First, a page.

• Any organisation which manages, administers and delivers an information, advice and/or guidance service to support individuals in their choice of career, learning, work or life goals can become accredited to the matrix Standard. It does not matter whether the service or services are delivered face-to-face, through training, learning, remotely, or through a website.
  • Organisations that have benefited from working with the Standard include Training Providers, Universities, Further/Higher Education Colleges, Schools and Academies, Sole Traders, Next Step Providers, Voluntary and Community Organisations and Private Businesses.
  • The matrix Standard is owned by the Department for Education and is managed by The Growth Company on their behalf.
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Work-based learning in health care organisations

The lack of support from the management of the organisation and nurse managers is seen as the greatest obstacle to work-based learning of nursing staff (Govranos and Newton, 2014).

The support of management and awareness of the possibilities of work-based learning create a positive culture of lifelong learning (Wilson et al., 2006; Govranos and Newton, 2014).

However, nurse managers often tend to underestimate their influence on the development of a culture that supports learning. A nurse manager’s significance as a role model is remarkable, which is why it is important that the managers commit themselves to continuous learning practices (Bjørk et al., 2013.)

By participating in the implementation of learning strategies and adopting different studying techniques, a nurse manager becomes a positive role model and a motivator for the staff (Wilson et al., 2006). The manager can create the kind of functional models that promote and support these learning events (Bjørk et al., 2013). Employees also see it as important that managers encourage them to utilise new knowledge and permit experiment with new courses of action (Lundgren, 2011).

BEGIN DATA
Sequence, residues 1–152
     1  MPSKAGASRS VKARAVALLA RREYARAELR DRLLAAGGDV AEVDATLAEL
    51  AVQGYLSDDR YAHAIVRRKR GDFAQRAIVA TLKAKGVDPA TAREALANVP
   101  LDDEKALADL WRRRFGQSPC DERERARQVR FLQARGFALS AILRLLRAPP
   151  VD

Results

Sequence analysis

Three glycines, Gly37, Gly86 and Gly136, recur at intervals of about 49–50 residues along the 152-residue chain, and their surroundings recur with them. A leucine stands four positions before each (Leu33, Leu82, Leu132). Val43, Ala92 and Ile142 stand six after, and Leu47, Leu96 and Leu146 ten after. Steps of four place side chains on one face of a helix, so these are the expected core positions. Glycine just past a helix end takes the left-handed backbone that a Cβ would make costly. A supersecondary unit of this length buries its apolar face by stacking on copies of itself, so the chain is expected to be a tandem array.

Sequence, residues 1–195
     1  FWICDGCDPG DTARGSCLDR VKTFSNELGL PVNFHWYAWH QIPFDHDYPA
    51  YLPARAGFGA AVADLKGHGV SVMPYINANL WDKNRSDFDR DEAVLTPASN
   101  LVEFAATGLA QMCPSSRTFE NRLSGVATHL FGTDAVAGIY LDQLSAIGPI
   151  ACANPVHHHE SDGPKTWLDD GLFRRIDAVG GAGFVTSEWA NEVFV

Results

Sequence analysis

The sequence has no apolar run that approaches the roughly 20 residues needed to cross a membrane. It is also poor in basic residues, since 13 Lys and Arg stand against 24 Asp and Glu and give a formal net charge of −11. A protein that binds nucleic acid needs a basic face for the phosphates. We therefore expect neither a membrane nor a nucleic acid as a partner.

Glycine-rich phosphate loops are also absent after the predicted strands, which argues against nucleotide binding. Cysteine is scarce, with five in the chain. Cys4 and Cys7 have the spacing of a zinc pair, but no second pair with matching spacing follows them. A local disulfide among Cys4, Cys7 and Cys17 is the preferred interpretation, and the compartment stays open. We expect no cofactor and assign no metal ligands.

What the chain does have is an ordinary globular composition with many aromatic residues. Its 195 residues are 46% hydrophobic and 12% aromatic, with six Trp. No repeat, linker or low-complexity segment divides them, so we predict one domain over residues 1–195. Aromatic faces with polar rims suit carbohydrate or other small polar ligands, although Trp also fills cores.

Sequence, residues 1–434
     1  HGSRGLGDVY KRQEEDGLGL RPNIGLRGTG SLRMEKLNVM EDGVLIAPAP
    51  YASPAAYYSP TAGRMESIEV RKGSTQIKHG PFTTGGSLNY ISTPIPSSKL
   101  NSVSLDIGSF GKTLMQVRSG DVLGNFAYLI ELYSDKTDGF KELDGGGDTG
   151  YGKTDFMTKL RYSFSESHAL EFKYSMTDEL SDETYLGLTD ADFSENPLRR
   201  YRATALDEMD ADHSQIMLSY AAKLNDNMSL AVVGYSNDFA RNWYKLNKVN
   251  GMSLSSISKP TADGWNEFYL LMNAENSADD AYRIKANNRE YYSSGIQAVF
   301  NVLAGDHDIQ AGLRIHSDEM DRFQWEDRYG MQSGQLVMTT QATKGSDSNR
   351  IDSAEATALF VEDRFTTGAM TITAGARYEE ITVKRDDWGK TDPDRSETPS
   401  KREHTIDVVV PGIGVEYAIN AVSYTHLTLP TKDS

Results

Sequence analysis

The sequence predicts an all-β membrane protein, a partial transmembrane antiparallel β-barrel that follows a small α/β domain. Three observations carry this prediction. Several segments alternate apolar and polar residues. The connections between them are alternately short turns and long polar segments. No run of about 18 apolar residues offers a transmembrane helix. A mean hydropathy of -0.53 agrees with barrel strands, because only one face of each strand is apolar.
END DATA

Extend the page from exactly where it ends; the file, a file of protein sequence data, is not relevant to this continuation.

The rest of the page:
Work-based learning is an important part of professional development in which both the learner and the learning environment change and affect each other (Skår, 2010). The support of a nurse manager, a mentor or colleagues makes the learning process in a complex workplace environment possible (Ramage, 2014).

Wilson et al. (2006) see a positive changing in the learning culture of a workplace when learning and professional development are understood as a continuous process through life, which results to the employees beginning to take responsibility for learning and development themselves. The employee begin to want to look for learning opportunities and arrange time for learning. Those nurses who understand the significance of learning actively try to resolve problems related to being rushed and other obstacles of learning (Govranos and Newton, 2014.).

Professional education gives the basic skills for nursing, but learning is a process that continues throughout a nurse’s whole career in the everyday work of the organisation. The creation of a culture that supports work-based learning is the best way to ensure professional competence among nursing staff in the future, as well.

The results of this review challenge the management of health care organisations to be aware of the value and significance of work-based learning from the perspective of their organisation’s action and success, and to pay attention to the perspective of work-based learning in strategic plans.

 
 
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What is assessment?

The essential meaning of assessment is the act of making a judgement about the value of someone’s product or performance.

The actor or agent – the person who makes the judgement – is often an individual with responsibility for teaching the assesses, but might also be the assesses him or herself, a peer or group of peers, an assessor who has not been involved with teaching or even a piece of technology designed to recognise predetermined parameters of the performance.

The act of assessing might take place at one point or over time. The product or performance is generally a demonstration of some combination of knowledge, understanding, skill; sometimes of values and other personal attributes; and is very often taken to be a representative sample of the assesses ‘usual’ or normal’ performance: that is, it is assumed to represent some underlying and stable level of knowledge, skill or ability, or some consistent personal attribute.

Confusingly, assessment is also used to refer to the product/performance, or to that which is assessed. For example, the definition of assessment in the JISC e-Assessment Glossary (JISC 2006a) states that assessment is: ‘the instrument (e.g. on-screen examination) used to arrive at … an evaluation ‟and also “the process of evidencing and evaluating the extent to which a candidate has met or made progress towards the assessment criteria”.